In the past, due diligence has largely been a responsibility of the buyer. After having heard some horror stories about sales that did not close and transactions that did close, it came to mind that the SELLERS might benefit from due diligence.
You Have To Kiss A Lot Frogs To Find A Prince
There are thousands of purported “buyers” of self-storage out there, and most of them are honest, capable buyers. A property listed for sale is likely to attract the attention of many qualified, and many unqualified “investors”. The lower the price, and the higher leverage (lower down payment or equity required), the greater the likelihood that you are going to attract some unqualified prospects. With hundreds of inquiries, how do you know who to engage in negotiations?
There are several signals that your buyer may not be real. The first are the hundreds of “investors” who have attended a nothing down seminar that want to buy your property with no skin in the game. There are hundreds of these same “investors” who are asking sellers to enter in lease/master lease/lease to own deals.
On a recent listing on LoopNet, I was bombarded with inquiries from just one California seminar group, with over a hundred calls from recent graduates who represented themselves as investors, affiliates or principals. None of them had actually closed deals, and not one had any self-storage experience. What they knew about self-storage, they learned from the presenter, who made much more money selling seminars than owning or operating self-storage. He told them what to tell sellers, and the party line was identical, almost verbatim.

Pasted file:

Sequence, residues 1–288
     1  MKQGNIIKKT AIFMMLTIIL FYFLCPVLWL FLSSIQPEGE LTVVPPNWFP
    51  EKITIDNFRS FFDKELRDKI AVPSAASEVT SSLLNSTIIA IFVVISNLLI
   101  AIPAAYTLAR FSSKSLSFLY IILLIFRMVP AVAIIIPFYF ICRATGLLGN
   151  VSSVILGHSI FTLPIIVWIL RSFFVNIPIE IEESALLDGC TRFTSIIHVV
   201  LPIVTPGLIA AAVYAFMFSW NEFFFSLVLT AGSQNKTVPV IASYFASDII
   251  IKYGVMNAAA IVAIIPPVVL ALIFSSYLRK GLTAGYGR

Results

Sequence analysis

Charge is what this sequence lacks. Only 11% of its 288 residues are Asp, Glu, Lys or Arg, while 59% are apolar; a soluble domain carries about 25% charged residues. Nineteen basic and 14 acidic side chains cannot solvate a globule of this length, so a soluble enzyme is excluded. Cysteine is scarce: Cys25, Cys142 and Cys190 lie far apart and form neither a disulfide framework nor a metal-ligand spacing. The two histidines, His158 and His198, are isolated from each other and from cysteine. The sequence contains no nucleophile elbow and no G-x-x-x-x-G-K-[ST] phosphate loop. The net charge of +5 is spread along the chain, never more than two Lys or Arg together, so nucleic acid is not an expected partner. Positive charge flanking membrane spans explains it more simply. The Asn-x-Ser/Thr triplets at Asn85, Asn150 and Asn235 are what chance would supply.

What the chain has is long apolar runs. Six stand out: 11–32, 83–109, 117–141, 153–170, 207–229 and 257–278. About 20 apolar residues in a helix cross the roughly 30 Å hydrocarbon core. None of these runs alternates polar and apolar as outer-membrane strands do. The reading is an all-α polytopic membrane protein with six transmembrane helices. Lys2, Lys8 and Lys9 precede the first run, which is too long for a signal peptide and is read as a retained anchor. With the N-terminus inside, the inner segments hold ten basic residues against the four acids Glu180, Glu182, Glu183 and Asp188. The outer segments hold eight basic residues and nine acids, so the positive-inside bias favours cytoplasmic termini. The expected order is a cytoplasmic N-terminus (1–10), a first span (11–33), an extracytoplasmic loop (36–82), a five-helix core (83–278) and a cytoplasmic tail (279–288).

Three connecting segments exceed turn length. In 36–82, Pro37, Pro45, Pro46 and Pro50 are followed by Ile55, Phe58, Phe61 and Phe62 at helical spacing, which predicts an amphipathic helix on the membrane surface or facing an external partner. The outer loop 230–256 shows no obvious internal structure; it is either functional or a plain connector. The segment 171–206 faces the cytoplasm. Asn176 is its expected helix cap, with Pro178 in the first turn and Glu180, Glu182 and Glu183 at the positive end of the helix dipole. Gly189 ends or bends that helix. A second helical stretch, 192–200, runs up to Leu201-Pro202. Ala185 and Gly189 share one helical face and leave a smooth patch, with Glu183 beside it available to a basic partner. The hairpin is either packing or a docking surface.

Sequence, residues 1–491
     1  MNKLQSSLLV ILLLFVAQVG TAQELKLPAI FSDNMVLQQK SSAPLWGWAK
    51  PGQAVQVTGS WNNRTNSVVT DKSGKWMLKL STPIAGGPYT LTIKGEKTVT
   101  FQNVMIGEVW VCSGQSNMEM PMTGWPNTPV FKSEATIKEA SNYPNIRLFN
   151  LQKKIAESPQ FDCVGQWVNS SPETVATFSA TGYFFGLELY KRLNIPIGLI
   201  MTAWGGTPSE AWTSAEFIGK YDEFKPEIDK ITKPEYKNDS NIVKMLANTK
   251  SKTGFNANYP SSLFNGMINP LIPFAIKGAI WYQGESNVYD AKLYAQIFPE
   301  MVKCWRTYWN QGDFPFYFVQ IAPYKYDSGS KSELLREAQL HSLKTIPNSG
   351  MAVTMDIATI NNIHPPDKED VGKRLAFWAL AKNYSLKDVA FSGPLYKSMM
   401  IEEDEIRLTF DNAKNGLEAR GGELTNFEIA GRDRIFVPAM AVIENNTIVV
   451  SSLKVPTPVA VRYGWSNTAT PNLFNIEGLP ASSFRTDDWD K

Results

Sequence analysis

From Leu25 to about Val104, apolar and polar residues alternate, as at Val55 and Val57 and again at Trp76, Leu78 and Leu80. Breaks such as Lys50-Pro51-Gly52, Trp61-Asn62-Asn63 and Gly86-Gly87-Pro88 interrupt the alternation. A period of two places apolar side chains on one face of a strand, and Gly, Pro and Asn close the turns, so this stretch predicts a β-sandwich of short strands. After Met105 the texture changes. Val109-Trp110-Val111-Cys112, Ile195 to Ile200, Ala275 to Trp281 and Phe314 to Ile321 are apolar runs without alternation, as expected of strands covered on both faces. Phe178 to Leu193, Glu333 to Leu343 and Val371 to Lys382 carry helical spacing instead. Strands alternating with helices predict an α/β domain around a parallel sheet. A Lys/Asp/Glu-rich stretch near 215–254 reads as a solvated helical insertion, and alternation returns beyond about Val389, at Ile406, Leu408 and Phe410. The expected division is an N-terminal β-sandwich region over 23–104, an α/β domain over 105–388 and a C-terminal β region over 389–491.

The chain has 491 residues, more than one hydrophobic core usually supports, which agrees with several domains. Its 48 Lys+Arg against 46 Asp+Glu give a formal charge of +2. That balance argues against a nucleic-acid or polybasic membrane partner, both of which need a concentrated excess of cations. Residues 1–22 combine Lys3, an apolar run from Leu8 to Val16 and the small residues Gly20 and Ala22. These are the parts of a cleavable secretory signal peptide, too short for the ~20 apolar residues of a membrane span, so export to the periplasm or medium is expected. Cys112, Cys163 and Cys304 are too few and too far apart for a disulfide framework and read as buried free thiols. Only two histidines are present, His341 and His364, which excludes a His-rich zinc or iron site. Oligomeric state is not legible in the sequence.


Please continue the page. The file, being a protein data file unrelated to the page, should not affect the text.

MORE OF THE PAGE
How To Qualify Your Buyer
Early in the negotiations, find out who you are dealing with. Qualified, real investors are always able and usually pleased to present their credentials. Some will have printed brochures; others have websites that indicate recently closed transactions. Some buyers will have established brands and multiple locations; all these are good signs that they are real. Beware of those buyers who dance around the question or are unwilling to show you they are for real.
Do not press to hard at this stage, as lookers are not buyers. Once you have negotiated a Letter of Intent, it is time to qualify your buyer. It is at this stage that you may be spending money, and you are entitled to know who you are dealing with. If you are going to take your property off the market, you have the right to make sure that the buyer is real.
First, ask for POF or proof of funds. This is usually a letter, (on bank letterhead, with a contact name and telephone number), that indicates the buyer has funds sufficient to close. If a letter is not available, you may ask for bank statements or brokerage account statements that verify availability of funds. Watch out for very recent deposits, or many quick in/quick out transactions!
A letter from a loan broker or equity source is not a verification that the BUYER can close. If that is all that is available is an equity broker's letter, then the equity broker must provide a verifiable list of closed transactions and financial statements.
Second, ask for a financial statement. This will tell you a lot about who you are dealing with. Make sure it is dated and signed. The property may be purchased by a bankruptcy-remote Single Asset Entity (customary) and may be formed specifically to purchase the asset. That likely means that the buying entity has no history or assets. With that in mind, you will have to research the Principals ability to close.
In the absence of the former, ask for a title company reference, and verify with the title company that the buyer has closed transactions, and verify the date and size. Six months is the maximum time lapse since a closing, and the deal size should be similar to the transaction at hand. Remember, it is easy to create a fictitious title company, so make sure that they are licensed in the state of the transition and you are dealing with the branch at the licensed address.